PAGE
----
A fossil discovered during a police raid in Brazil has turned out to be one of the best-preserved flying reptiles found yet, researchers say.
The remains belong to a tapejarid, a toothless pterosaur from the early Cretaceous period known for its huge cranial crest composed partly of bone and partly of soft tissue. Skulls and partial skeletons of Brazilian tapejarids have turned up before, but this fossil was found with more than 90% of its skeleton intact, along with some soft tissue in place around the bones.
"This fossil is special because it is the most complete pterosaur from Brazil and it brings new information about the anatomy and ecology of this animal," says Victor Beccari, co-author of a study on the find published Wednesday in the open-access journal PLOS One.
Brazilian federal police found the tapejarid remains while investigating an illegal fossil trade operation in 2013. They recovered 3,000 specimens kept in storage units in the states of São Paulo, Minas Gerais and Rio de Janeiro and transferred them to the Geosciences Institute of the University of São Paulo for study. Since 1942, Brazilian law has categorized fossils as state property, as they're considered part of the country's geological heritage and forbidden from being sold commercially.
Pteosaurs populated Earth as recently as 66 million years ago,, and as early as 228 million years ago.
This tapejarid belongs to the species Tupandactylus navigans, and Beccari began studying it in 2016 while a biological sciences undergrad at the University of São Paulo. There, he used CT scanning to assess the bones still covered by sediment.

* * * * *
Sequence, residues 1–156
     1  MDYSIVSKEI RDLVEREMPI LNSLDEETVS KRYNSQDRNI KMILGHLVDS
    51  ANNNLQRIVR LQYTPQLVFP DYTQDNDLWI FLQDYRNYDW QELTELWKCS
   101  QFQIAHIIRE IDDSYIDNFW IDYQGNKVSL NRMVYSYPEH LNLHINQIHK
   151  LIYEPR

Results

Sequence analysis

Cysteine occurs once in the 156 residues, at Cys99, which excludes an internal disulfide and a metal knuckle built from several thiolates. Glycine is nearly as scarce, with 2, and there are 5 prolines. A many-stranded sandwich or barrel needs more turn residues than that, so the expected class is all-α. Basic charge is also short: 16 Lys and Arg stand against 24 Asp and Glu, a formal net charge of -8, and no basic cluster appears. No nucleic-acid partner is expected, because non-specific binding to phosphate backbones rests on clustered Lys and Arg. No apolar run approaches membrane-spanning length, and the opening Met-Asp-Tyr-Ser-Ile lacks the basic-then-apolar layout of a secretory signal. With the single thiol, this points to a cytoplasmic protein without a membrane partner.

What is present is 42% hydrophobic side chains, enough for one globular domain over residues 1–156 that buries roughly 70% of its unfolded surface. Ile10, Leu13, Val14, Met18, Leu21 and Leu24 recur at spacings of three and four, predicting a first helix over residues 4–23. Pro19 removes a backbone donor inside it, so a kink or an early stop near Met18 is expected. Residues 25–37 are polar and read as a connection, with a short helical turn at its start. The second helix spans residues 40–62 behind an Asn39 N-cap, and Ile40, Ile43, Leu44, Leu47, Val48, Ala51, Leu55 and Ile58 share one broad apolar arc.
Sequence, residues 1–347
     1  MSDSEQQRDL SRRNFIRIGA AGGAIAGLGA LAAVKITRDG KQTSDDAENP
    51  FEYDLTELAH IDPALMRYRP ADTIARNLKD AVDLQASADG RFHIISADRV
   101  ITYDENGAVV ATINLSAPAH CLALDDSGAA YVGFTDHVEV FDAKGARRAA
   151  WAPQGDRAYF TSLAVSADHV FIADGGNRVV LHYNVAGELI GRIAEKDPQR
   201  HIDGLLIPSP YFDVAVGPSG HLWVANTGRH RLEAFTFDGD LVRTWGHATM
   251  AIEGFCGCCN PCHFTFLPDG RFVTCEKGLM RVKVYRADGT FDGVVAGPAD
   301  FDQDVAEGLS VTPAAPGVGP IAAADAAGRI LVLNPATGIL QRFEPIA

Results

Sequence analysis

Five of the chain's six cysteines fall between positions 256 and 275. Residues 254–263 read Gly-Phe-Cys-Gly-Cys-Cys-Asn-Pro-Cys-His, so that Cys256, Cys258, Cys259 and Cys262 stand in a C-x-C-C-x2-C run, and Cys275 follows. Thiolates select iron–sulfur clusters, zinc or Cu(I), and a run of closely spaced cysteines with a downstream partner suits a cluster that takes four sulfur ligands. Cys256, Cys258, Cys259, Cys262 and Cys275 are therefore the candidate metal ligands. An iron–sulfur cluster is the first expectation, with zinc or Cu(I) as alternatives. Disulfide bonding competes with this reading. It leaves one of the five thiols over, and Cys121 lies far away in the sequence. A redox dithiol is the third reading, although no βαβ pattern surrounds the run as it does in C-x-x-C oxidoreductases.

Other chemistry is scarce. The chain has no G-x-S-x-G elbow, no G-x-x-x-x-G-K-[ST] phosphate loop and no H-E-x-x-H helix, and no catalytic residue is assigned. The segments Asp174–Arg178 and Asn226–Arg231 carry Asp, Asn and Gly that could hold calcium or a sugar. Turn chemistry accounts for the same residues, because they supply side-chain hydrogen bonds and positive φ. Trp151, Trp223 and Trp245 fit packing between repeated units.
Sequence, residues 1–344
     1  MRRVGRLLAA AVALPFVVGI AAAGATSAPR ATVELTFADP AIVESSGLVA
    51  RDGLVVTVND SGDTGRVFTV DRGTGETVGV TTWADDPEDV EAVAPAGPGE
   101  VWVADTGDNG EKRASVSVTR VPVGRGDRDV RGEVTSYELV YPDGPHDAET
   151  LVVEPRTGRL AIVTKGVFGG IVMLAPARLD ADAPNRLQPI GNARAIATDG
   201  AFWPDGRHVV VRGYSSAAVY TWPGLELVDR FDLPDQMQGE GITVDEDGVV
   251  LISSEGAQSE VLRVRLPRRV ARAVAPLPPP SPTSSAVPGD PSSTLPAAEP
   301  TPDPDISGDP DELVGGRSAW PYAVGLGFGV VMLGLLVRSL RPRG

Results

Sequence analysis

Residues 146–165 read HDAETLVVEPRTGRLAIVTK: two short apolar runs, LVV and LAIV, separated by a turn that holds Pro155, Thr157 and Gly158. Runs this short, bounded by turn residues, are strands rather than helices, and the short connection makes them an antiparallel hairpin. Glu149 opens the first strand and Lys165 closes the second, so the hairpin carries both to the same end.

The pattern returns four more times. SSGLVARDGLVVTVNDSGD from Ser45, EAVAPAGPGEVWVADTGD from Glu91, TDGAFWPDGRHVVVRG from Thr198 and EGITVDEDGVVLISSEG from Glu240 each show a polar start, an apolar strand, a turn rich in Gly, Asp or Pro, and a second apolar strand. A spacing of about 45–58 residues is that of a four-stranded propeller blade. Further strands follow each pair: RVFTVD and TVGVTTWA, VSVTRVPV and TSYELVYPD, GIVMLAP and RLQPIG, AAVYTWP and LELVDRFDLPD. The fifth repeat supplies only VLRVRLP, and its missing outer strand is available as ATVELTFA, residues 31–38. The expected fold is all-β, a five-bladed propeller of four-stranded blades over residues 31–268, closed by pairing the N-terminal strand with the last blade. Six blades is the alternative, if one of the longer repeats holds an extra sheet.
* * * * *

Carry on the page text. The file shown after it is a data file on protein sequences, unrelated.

The reptile originally comes from the Crato Formation in the Araripe basin, a fossil-rich area in northeastern Brazil that dates back to a time in the Cretaceous period around 115 million years ago. The remains were found preserved in six perfectly complementary yellowish limestone slabs that fit together by rectilinear cuts to present a nearly complete picture of the creature. It had a wingspan of more than 8 feet (2.5 meters) and stood 3.2 feet (1 meter) tall, with its head crest accounting for an astounding 40% of its height.
That sizable head crest and relatively long neck, the researchers conclude, may have limited the creature to short-distance flights and terrestrial foraging. They hope future research will further illuminate the flight performance, lifestyle and ecosystem of these animals.
It's been a big month for pterosaurs, led by news of the. Tim Richards, the University of Queensland paleontologist who's been studying fossils of that creature, expressed excitement upon hearing news of the South American pterosaur.
"Wow, what a find," says Richards, who was not involved with the PLOS One study. "The acquisition of this specimen is unquestionably a victory for science."